Puccini with the prawn cocktail starter tonight? A little Lloyd Webber with the linguine? A growing number of London pubs and cafes are putting live music and performance on the menu to tempt reluctant patrons to dine out.
The trend, also mirrored in other British cities as the cost of living crisis threatens to keep customers at home, now encompasses classical music and musical theatre. It is no longer only jazz musicians who play regularly to diners at London venues such as Soho’s Pizza Express or Toulouse Lautrec in Elephant and Castle. Even circus performers are taking to the small stages being set up in some restaurants.
“The market is changing to reflect the desire for more of an experience,” said Michael Kill, CEO of the Night Time Industries Association (NTIA). “People want more of a bang for their buck, so if you can offer more with music as well as food, you are likely to attract them.”
The high cost of concert tickets, coupled with the fuss of booking a table for a rushed, expensive meal either side of a performance, are reasons to stay in instead. A relaxed evening out in just one venue, in contrast, offers greater value for money. High energy prices and pandemic shutdowns have also put many live venues in peril or out of business.
Rafaello Morales is among those banking on this growing appetite. His customers want their dining combined with music that is much more than background sound. A musician and conductor, he is the founder and music director of the Fidelio Cafe in Clerkenwell, central London. “Classical music is not an artform that has to be enjoyed in restrictive surroundings,” he said.
“It can be intimate. It helps that a lot of people who would not go to a concert venue or opera house would happily go to a restaurant or coffee bar.”
His cafe in Clerkenwell Road is near The Piano Works in Farringdon Road, a music bar where punters select what the band plays.
Morales’ enterprise, which opened three and a half years ago, has built a name for attracting some of the best international classical performers, including violinist Nicola Benedetti and the pianist Imogen Cooper. “The challenge at the start was convincing people it could be done at such a high level,” he said.
A maximum of 50 customers can book ahead, either for drinks or a full meal. “Luckily we got buy-in early on from some big names. It is still challenging to set up a restaurant but the money from the dining helps the sustainability of the model. We are only looking to break even, and then we make money from the private events we stage, like weddings, birthdays and corporate events.”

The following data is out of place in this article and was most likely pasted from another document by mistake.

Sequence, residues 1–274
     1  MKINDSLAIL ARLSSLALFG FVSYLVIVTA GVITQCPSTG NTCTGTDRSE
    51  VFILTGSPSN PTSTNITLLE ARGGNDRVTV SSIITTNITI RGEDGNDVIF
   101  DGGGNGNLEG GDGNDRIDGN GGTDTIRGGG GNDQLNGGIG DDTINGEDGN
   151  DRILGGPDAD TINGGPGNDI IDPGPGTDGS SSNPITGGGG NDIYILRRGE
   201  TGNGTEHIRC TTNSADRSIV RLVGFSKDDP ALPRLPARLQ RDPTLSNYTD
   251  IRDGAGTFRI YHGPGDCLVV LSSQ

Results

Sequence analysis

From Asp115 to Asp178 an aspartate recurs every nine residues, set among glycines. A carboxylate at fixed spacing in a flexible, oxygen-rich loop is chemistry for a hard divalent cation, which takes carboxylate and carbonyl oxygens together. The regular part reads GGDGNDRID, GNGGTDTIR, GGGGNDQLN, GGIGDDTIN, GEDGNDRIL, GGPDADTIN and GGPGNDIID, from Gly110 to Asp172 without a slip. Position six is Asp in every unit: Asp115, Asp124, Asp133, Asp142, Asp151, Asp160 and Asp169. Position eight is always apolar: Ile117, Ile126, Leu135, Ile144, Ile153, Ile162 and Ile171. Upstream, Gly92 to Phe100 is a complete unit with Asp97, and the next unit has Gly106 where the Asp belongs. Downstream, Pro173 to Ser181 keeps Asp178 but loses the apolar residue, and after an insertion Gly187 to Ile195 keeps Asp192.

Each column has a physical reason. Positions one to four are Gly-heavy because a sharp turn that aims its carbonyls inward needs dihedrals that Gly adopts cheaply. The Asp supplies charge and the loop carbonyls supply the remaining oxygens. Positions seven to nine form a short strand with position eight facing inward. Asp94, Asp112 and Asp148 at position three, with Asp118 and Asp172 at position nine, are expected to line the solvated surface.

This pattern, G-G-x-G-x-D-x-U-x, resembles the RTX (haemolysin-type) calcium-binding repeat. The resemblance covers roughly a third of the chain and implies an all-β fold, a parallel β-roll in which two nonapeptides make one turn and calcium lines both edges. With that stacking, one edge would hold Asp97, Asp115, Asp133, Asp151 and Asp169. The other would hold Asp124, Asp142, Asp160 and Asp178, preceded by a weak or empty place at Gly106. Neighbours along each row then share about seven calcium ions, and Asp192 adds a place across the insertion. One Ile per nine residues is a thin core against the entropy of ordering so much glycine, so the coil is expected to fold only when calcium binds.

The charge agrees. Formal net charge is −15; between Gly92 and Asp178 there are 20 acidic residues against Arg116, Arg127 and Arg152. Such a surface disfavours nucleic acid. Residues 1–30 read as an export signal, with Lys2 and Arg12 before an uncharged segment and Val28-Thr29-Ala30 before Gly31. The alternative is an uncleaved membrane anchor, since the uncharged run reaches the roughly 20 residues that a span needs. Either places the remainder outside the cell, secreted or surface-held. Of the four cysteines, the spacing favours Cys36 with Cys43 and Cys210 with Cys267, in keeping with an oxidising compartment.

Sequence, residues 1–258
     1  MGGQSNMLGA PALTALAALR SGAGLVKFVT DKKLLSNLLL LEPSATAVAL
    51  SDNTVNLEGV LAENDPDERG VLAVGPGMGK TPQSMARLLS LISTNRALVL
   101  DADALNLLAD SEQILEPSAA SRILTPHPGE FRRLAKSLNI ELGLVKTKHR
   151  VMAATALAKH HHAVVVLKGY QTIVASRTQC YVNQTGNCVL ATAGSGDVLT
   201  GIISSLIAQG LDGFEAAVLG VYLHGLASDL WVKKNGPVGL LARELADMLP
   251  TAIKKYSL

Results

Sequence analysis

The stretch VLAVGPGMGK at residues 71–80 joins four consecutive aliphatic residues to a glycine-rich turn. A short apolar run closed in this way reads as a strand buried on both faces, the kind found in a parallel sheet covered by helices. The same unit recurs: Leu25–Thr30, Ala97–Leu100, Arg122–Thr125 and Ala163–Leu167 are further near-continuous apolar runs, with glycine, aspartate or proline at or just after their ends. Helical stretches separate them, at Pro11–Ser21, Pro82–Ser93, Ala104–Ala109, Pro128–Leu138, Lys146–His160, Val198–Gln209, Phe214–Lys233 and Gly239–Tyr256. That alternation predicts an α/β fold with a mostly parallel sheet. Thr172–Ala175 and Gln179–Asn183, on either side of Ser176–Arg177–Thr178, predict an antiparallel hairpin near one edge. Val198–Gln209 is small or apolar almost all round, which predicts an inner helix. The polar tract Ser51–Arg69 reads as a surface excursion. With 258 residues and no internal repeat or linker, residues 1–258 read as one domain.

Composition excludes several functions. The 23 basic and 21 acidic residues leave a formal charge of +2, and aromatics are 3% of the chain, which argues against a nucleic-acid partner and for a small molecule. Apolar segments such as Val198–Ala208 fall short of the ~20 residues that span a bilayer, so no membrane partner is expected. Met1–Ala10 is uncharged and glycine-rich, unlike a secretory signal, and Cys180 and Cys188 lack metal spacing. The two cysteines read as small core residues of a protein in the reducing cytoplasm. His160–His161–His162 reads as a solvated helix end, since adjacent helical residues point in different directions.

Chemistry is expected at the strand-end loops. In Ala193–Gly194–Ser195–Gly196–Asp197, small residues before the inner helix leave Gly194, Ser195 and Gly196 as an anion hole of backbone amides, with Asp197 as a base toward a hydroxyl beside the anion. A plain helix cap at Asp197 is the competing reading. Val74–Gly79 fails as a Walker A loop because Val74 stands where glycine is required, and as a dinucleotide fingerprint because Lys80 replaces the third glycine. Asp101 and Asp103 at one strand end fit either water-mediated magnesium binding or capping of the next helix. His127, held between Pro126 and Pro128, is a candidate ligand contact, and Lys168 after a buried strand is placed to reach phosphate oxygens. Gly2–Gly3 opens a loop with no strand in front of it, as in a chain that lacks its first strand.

Performance standards are so high, that the recitals finish before meals are served.
Last October also saw the opening of The Theatre Cafe Diner, an adjunct to the West End’s Theatre Cafe. At this two-storey restaurant in Shaftesbury Avenue, diners are entertained by seemingly impromptu performances from the waiting staff, who are all trained musical theatre stars in the making. Stepping up to a central raised walkway, or sashaying through the chairs and tables, they belt out showstoppers before returning to taking orders.
Still more startling are the full-on acrobatic displays that the circus venue Aeronaut in west London brings right to your table. Shocks are also served as a regular side dish in the established Faulty Towers Dining Experience, which moves from the capital up to a hotel in Manchester at the end of February.
Most of the live venues make an effort to set the scene, despite the limitations of scale. The Theatre Cafe and its diner sister are both decorated with theatrical memorabilia, and at Fidelio Cafe, Morales has taken a similar approach: “The idea was to have a very high-level classical music performance in an informal 19th-century style atmosphere, a kind of coffee house setting. And people do get drawn in when they see pictures of Shostakovich and Brahms on the wall. They become interested.”
For the NTIA, said Kill, these smaller venues are a symptom of falling disposable incomes and the 40% increase in the cost of heating venues. “People are having to think outside the box. We are seeing a ‘doughnut effect’ in entertainment activity, where people are staying nearer to where they live and avoiding the expensive city centres.
“We really need these independent, creative businesses because they are the heart of any area.”